The Gulf Coast and Marshes ecoregion is characterized by flat plains and is composed of both marine and terrestrial habitats including sandy beaches/dunes, estuaries, marshes, prairie/grasslands and wetlands. The San Antonio River provides important fresh water flows to the estuaries along San Antonio Bay which includes the Aransas National Wildlife Refuge which is habitat for many unique wildlife species such as the endangered Whooping Crane (Grus americana) and endangered Attwater’s Prairie Chicken (Tympanuchus cupido attwateri).
Mission Reach Ecosystem Restoration
Among the goals of the Mission Reach Ecosystem Restoration and Recreation project, one goal was to restore significant ecological functions and values to a section of the river that had been converted to a channel for flood control. Habitat improvements were a critical part of the design, and benefits of the project include provision of food, water, shelter and space necessary for numerous residential and migratory wildlife species. The San Antonio River serves as an important local habitat corridor, as well as being part of the Central Flyway for migratory birds and a thoroughfare for monarch butterflies . By restoring native plant communities and connecting them throughout this riparian corridor, the project is provides an important home for all types of wildlife.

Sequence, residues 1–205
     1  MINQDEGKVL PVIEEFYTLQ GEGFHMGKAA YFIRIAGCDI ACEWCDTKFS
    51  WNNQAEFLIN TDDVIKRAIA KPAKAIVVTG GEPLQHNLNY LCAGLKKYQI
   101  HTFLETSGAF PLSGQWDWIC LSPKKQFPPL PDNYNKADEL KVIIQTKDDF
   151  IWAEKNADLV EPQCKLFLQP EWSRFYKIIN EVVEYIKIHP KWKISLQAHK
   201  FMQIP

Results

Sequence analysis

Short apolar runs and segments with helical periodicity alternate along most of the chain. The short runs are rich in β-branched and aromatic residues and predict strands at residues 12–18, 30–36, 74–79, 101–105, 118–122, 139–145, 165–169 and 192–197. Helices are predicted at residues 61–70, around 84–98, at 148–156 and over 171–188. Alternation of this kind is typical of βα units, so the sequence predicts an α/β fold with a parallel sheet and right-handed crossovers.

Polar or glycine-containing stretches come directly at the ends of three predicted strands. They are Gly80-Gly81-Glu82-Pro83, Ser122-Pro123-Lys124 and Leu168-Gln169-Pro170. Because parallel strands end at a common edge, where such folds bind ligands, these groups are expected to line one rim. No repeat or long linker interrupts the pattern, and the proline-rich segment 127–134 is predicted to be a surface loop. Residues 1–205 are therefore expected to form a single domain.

Managing an Ecosystem
Managing an ecosystem restoration effectively can be tedious and hard work. However, the benefits of the Mission Reach Project are certainly worth the effort! Habitat revitalization has already been realized with increases in coverage by native plants, diversity of native species, and numerous observations of native wildlife utilizing the completed project areas. Our research shows that the ecosystem services of these areas have significantly improved from pre-project conditions while simultaneously improving the our quality of life. We hope that this project will continue to prove that creating a balanced ecosystem is a win-win for both humans and the environment.
Stem Density Removal